appraise

[ uh-preyz ]
/ əˈpreɪz /
|

verb (used with object), ap·praised, ap·prais·ing.

to estimate the monetary value of; determine the worth of; assess: We had an expert appraise the house before we bought it.
to estimate the nature, quality, importance, etc.: He tried to appraise the poetry of John Updike.

Origin of appraise

1400–50; late Middle English apraysen to set a value on, probably a conflation of aprisen to apprize1 and preisen to praise (with sense of prize2)
Related forms
Can be confusedappraise apprise
Dictionary.com Unabridged Based on the Random House Unabridged Dictionary, © Random House, Inc. 2019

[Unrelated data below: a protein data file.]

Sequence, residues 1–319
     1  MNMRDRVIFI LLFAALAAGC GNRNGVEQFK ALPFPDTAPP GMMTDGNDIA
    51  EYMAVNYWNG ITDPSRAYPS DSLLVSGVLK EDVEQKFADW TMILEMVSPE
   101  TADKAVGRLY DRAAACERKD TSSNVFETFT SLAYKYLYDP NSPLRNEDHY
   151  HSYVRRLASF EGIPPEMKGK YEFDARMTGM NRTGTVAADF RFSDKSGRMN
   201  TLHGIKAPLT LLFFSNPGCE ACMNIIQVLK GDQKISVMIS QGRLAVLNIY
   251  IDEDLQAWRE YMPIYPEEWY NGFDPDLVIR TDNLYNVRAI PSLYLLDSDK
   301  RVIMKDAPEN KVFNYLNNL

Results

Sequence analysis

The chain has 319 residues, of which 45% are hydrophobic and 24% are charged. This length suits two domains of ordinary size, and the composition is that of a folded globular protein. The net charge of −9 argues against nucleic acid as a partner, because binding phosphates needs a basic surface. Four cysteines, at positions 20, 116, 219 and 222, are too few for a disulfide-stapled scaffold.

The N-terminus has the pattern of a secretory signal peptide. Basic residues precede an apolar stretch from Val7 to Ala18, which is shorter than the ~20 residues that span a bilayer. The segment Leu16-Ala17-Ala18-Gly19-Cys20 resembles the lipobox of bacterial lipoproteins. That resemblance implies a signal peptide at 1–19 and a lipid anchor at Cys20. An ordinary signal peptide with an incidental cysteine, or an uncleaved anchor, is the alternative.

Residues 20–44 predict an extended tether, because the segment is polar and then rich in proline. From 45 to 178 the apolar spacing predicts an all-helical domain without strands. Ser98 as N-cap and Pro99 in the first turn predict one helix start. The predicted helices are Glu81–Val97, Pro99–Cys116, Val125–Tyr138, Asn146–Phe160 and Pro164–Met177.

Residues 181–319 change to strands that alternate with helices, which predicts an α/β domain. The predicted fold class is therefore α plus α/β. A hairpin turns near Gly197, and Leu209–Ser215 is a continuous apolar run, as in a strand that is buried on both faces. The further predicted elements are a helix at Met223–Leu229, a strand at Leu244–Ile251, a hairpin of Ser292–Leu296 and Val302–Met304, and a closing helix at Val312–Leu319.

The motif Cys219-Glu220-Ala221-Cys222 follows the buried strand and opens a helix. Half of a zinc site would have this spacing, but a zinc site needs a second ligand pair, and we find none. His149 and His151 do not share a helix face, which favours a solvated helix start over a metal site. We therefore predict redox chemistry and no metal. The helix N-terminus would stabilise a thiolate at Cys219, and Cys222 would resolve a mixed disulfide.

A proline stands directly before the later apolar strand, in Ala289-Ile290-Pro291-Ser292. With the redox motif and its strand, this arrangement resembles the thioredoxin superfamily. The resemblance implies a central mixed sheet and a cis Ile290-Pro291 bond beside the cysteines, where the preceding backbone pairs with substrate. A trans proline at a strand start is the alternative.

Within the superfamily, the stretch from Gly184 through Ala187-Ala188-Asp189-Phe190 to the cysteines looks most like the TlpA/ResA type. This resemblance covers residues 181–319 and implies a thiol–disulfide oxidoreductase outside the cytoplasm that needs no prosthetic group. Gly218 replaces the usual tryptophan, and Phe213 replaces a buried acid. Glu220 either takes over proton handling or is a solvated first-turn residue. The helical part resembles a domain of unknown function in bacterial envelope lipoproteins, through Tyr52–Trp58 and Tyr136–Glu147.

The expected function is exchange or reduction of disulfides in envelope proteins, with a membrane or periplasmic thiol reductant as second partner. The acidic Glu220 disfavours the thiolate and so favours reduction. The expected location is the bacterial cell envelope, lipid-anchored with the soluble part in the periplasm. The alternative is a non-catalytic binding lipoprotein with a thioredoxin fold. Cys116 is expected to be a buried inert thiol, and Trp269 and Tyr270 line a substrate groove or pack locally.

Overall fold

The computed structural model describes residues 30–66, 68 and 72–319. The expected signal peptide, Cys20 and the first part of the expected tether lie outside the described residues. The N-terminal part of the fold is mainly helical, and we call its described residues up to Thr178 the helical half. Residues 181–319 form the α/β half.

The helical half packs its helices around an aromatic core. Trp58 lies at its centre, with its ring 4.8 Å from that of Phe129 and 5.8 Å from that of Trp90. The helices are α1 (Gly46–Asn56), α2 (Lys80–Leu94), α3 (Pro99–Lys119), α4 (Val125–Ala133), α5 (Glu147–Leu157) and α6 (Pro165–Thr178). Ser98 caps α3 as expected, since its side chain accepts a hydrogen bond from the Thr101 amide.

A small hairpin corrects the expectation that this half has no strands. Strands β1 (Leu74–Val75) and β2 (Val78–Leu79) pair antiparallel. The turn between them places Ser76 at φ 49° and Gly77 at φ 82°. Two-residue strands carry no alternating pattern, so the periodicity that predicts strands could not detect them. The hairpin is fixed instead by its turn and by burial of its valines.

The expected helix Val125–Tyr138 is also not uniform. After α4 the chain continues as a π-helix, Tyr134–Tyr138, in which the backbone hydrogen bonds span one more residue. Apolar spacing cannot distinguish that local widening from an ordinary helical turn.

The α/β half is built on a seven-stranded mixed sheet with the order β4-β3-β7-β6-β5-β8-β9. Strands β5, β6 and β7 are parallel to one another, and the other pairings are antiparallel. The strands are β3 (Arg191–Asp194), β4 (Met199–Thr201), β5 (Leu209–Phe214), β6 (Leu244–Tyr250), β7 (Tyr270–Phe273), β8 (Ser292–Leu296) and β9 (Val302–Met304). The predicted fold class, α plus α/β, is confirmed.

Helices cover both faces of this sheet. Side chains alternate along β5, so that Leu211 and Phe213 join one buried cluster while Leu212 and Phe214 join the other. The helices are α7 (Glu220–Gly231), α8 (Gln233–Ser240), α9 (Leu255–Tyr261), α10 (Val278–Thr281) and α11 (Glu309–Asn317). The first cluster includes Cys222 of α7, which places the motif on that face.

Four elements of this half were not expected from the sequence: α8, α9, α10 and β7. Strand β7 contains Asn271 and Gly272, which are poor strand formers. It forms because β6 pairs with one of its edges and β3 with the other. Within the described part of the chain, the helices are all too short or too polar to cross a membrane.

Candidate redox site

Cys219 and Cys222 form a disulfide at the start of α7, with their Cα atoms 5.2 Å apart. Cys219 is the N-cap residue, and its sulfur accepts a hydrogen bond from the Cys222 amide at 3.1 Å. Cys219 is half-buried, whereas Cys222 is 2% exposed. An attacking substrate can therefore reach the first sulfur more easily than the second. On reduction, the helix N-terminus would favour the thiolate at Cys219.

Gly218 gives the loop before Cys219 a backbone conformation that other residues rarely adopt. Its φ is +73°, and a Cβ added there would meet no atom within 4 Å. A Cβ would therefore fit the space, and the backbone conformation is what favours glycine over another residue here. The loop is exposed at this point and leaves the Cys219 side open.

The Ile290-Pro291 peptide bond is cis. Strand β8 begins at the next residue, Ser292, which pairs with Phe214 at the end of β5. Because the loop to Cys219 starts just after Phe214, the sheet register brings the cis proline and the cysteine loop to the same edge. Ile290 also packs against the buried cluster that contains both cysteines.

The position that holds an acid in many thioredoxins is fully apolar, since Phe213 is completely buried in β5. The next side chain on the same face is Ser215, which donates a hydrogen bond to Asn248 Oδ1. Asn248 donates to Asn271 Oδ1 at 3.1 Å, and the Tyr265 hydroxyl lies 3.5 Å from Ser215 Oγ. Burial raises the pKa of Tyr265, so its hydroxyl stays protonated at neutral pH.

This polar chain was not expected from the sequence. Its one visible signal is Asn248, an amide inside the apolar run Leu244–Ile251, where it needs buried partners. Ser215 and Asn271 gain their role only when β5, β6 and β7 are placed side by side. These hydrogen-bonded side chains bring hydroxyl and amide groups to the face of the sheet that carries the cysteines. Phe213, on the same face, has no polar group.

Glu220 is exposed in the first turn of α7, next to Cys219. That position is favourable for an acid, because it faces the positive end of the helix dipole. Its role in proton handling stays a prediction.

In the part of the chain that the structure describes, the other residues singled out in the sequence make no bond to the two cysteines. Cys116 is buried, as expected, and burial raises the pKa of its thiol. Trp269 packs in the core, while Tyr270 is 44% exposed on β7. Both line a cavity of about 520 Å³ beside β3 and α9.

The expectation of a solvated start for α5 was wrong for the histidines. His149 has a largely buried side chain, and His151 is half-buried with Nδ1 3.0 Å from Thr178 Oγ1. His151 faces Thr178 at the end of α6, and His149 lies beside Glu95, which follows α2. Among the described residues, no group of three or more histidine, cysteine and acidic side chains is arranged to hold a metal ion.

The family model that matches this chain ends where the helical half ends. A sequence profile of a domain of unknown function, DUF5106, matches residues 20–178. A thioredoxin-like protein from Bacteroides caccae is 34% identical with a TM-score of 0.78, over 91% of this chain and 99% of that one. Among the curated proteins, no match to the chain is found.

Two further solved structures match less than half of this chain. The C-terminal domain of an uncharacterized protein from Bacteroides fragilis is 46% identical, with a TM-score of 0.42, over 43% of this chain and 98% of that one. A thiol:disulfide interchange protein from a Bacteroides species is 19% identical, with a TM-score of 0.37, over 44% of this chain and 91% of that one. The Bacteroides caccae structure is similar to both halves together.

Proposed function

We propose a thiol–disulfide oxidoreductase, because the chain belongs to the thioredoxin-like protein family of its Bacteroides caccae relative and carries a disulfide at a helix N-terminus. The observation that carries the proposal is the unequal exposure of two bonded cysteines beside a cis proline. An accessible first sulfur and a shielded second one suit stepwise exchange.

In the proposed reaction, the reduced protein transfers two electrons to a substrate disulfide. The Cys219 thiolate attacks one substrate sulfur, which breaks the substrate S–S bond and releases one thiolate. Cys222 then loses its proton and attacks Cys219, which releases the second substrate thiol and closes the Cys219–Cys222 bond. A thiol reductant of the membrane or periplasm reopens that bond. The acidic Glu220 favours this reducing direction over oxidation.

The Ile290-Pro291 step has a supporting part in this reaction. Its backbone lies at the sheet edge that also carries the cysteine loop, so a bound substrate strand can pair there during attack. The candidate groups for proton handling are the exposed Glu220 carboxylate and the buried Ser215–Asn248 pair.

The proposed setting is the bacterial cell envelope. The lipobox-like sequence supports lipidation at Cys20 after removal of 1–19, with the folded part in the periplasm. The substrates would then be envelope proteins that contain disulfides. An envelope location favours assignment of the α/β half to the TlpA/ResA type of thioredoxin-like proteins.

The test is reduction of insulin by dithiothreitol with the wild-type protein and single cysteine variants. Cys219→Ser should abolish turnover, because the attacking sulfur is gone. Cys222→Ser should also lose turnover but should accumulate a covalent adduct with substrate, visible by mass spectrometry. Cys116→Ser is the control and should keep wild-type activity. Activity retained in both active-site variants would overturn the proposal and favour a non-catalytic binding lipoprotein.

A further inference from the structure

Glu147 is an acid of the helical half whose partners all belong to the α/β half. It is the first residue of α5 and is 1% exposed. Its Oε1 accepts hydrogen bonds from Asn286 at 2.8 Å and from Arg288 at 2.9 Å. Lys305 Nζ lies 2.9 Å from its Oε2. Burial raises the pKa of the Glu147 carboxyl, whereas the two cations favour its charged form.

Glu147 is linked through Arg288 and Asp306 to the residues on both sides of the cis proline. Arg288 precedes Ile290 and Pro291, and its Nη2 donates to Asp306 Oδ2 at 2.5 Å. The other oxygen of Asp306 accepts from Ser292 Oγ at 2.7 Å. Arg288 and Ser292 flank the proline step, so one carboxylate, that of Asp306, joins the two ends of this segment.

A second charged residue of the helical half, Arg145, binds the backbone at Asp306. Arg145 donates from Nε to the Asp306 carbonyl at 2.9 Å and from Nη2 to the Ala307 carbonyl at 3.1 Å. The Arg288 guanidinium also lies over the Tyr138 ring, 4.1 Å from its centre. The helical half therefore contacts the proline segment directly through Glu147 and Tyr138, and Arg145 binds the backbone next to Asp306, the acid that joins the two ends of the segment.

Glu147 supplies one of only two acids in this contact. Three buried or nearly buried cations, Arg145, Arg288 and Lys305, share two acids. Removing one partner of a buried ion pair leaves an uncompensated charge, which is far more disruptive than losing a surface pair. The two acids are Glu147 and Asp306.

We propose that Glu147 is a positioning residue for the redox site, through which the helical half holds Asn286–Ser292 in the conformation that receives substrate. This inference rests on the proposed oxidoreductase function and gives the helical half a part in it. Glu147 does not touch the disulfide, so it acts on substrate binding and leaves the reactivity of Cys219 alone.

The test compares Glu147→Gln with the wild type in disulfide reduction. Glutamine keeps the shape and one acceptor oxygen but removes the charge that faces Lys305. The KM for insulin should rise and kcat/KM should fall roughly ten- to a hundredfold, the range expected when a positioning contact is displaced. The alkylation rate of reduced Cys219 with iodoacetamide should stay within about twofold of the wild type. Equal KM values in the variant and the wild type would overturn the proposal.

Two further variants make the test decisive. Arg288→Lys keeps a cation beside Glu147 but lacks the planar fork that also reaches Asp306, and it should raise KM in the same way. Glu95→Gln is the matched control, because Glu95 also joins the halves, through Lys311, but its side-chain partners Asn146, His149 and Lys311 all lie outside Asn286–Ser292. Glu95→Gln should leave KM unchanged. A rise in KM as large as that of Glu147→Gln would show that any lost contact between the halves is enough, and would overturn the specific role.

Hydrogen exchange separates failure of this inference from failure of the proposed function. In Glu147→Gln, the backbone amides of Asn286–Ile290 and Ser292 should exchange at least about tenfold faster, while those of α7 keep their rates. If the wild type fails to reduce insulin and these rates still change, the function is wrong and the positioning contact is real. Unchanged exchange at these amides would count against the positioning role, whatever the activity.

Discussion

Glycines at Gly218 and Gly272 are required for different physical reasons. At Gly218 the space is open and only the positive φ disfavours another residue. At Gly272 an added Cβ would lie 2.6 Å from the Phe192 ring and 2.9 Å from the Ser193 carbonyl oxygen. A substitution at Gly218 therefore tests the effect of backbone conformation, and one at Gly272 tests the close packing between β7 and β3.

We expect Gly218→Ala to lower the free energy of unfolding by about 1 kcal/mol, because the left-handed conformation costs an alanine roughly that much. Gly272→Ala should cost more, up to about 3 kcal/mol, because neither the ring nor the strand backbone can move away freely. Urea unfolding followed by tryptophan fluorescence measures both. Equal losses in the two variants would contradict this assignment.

Examples from the Web for appraisable

British Dictionary definitions for appraisable

appraise

/ (əˈpreɪz) /

verb (tr)

to assess the worth, value, or quality of
to make a valuation of, as for taxation purposes
Derived Forms

Word Origin for appraise

C15: from Old French aprisier, from prisier to prize ²

usage

Appraise is sometimes wrongly used where apprise is meant: they had been apprised (not appraised) of my arrival
Collins English Dictionary - Complete & Unabridged 2012 Digital Edition © William Collins Sons & Co. Ltd. 1979, 1986 © HarperCollins Publishers 1998, 2000, 2003, 2005, 2006, 2007, 2009, 2012

Word Origin and History for appraisable

appraise


v.

c.1400, "to set a value on," from stem of Old French aprisier "apraise, set a price on" (14c., Modern French apprécier), from Late Latin appretiare "value, estimate," from ad- "to" (see ad-) + pretium "price" (see price (n.)). Original English spelling apprize altered by influence of praise. Related: Appraised; appraising.

Online Etymology Dictionary, © 2010 Douglas Harper